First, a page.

Ha ha ha ha ha ha

The Captain


As a provocateur, lovers and haters is great.

As a capitalist, far less so. I would guess that there is not an insignificant delta of NPR daily listeners that would also otherwise be users of both twitter and owners of Tesla. It can’t be good for the brand to alienate your potential customers.


The median HHI of an NPR News listener is approximately $103,000 per year. More than 80 percent of listeners have an HHI over $50,000 per year, and almost 70 percent of listeners have an HHI over $75,000. This means public radio listeners generally have more spending power than general market radio listeners. They spend money on travel, books, fitness, and they own financial securities, signaling that they have disposable income.

Approximately 75 percent of listeners identify as voting, providing the perfect opportunity for sponsors to target politically active listeners, regardless of their political attitudes. Similarly, the diversity among political viewpoints provides opportunity for sponsors to connect with people of all political preferences, including liberal, middle-of-the-road and conservative listeners.


The good old Faustian dilemma!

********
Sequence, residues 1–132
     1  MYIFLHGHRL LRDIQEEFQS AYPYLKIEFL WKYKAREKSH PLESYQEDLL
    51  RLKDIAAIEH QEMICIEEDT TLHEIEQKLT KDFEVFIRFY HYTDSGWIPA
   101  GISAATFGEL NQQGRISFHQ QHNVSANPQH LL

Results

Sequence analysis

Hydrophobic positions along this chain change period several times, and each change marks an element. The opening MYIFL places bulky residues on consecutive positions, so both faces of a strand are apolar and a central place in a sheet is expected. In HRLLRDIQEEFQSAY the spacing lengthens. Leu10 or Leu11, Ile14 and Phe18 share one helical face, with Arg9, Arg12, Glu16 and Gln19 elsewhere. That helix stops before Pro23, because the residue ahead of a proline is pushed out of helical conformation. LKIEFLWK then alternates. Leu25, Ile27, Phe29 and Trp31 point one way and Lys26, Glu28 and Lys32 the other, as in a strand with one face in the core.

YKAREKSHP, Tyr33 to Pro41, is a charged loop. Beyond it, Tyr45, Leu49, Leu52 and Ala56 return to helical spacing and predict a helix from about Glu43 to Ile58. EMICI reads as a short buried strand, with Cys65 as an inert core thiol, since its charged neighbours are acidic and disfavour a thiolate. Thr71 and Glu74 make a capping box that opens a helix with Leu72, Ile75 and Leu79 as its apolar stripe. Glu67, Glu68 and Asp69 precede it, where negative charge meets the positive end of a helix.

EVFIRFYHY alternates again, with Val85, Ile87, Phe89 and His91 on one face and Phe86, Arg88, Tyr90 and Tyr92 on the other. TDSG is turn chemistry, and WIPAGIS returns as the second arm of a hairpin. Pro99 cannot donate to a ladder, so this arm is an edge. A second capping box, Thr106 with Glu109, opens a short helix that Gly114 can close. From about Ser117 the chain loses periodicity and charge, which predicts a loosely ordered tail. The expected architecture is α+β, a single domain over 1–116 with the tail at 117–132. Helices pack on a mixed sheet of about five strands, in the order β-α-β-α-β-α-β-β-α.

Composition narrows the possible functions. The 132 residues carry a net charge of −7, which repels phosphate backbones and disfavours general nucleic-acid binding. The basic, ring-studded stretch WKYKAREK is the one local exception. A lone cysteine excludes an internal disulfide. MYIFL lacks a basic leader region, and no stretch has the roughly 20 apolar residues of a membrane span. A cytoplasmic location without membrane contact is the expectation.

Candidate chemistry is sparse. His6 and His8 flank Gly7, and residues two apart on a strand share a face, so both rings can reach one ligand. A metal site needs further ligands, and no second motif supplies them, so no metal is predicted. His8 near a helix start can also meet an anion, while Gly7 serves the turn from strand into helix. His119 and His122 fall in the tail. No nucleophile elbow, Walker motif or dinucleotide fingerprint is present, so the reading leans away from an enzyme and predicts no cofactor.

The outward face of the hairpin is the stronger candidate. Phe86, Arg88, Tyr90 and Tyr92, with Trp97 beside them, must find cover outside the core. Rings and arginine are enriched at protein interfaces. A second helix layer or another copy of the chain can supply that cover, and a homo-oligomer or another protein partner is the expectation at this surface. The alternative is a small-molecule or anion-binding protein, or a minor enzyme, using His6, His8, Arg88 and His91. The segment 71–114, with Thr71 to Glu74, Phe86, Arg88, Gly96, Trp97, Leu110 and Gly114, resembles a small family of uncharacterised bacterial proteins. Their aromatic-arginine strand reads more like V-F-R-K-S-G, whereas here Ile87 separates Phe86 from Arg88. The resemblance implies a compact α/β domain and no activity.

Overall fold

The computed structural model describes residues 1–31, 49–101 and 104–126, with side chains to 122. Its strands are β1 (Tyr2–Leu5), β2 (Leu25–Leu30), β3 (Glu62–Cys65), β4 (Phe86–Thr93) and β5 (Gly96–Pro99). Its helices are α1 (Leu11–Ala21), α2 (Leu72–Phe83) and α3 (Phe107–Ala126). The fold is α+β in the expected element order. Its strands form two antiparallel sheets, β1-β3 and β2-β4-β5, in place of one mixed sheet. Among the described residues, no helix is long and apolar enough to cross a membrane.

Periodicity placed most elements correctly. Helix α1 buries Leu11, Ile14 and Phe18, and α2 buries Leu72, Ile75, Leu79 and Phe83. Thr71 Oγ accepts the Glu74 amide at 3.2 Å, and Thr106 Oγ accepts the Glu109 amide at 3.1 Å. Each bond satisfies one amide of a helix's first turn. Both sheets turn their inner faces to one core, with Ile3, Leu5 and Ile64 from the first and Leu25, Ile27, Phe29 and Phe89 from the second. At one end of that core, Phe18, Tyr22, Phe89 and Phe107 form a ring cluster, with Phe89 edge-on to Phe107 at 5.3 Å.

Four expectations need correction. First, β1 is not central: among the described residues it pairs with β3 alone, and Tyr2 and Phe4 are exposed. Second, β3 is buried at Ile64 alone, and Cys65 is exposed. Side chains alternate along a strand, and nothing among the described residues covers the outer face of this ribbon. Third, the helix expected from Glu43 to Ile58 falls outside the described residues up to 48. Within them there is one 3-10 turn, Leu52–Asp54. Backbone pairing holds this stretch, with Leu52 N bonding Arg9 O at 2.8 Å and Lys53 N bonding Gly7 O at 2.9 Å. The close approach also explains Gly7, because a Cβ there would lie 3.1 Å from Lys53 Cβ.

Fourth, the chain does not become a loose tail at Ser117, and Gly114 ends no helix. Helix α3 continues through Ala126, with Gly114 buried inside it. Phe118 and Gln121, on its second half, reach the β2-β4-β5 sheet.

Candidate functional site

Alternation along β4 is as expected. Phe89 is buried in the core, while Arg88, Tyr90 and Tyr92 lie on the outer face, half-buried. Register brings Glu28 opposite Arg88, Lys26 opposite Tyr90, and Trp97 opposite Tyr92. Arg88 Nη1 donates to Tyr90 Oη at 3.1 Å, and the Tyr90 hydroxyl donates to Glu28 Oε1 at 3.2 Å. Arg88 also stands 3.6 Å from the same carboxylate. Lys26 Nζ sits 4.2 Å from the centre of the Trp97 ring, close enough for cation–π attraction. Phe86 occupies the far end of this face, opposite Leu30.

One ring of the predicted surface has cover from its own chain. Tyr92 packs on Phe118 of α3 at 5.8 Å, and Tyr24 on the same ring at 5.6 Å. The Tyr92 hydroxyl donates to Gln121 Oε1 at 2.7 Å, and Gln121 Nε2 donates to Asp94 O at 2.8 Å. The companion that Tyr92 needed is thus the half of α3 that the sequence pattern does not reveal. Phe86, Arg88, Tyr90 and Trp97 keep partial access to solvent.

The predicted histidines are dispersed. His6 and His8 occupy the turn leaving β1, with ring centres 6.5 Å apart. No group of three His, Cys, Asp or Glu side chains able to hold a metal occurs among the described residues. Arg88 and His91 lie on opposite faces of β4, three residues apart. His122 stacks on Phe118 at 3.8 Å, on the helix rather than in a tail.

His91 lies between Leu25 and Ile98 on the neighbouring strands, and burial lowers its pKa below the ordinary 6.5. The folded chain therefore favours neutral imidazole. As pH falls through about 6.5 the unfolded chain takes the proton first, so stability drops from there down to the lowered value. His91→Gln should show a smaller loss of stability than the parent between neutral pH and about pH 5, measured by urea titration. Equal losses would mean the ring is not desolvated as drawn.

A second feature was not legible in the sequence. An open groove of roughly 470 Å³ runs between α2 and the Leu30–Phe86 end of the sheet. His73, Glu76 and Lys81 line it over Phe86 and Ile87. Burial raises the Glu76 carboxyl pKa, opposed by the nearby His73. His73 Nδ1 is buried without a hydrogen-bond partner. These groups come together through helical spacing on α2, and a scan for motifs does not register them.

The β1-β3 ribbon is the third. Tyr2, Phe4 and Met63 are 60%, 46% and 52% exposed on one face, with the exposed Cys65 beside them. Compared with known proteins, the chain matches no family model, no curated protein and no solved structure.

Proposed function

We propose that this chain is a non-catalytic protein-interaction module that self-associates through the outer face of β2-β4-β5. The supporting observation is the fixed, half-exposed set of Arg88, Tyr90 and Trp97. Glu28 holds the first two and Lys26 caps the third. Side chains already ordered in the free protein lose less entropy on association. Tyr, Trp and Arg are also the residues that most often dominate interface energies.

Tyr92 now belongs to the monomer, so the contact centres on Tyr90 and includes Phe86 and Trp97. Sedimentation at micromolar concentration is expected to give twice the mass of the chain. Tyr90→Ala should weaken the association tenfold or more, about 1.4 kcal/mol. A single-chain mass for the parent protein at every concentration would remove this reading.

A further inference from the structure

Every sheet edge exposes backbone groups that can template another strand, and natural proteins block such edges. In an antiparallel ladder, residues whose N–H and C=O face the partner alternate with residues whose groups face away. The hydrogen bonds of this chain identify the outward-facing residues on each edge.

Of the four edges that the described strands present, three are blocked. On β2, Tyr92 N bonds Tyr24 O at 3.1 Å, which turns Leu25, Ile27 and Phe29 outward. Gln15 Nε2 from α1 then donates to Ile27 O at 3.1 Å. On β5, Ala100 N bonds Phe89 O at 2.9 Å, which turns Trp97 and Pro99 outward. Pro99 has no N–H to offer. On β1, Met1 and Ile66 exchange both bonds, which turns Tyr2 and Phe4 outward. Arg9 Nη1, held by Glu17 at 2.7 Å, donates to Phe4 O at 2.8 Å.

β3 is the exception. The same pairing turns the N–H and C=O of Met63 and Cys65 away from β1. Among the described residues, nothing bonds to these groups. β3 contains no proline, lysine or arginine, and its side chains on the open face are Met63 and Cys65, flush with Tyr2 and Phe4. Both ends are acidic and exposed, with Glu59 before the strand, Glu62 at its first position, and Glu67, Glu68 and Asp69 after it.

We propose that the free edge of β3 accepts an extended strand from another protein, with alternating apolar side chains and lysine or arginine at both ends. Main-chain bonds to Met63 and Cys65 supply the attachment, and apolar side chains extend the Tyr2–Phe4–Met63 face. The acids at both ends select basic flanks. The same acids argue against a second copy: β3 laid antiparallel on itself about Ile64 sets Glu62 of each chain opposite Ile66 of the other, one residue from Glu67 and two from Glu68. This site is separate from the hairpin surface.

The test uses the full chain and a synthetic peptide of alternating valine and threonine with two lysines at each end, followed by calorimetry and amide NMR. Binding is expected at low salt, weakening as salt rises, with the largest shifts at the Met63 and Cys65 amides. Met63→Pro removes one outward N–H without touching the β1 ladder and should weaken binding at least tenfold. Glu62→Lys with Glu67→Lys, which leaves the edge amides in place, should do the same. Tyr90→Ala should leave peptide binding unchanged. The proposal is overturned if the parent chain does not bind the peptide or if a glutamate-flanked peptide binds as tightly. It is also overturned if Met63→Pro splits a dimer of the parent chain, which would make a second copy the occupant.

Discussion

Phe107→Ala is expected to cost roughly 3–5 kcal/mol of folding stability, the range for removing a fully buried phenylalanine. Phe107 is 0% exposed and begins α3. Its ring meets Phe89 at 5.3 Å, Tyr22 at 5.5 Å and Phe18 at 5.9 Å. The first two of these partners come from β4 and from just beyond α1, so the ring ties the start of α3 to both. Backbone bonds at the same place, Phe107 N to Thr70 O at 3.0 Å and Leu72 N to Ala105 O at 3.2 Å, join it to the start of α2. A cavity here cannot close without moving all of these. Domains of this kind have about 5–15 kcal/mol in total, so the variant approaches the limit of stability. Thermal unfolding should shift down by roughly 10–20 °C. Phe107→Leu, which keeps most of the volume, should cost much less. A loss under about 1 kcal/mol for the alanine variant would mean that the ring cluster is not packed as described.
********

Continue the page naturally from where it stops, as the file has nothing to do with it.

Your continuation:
The Captain

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We have been having that conversation wrt to AT&T/Yahoo and Wendy’s, on another thread.


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LOL, Incorrectly labelling NPR is the moral hill worth dying on? :rofl:



I think the better frame for looking at this is one that Matt Levine used over at Bloomberg. Twitter is Musk’s favorite game. It pleased him to pretend that he wanted to buy it, because that was a fun thing to do on his game. He went too far, and a judge forced him to actually buy it - but it’s still his favorite game to play. So now that he owns it, he gets to control the game completely - and take whatever actions please him to take. Some wealthy people like to own sports teams, because it’s fun for them - Musk owns Twitter.


Perhaps Musk learned from the best-Trump.
Trump kept saying outrageous things that the media wasn’t able to resist deriding and deploring and generally calling attention to. Lo and behold, the saying “any publicity is good publicity” came true. Trump recognized that a huge segment of voters were angry at establishment politicians and were ready to support someone the Establishment obviously hated.
There were over 16 GOP candidates in 2016 and the Main Stream Media raised Trump’s name recognition. Trump also used Twitter to aid his campaign too.
Of course Trump was a failure as a president with the exception of creating an economic war with China starting with tariffs which the current administration has continued.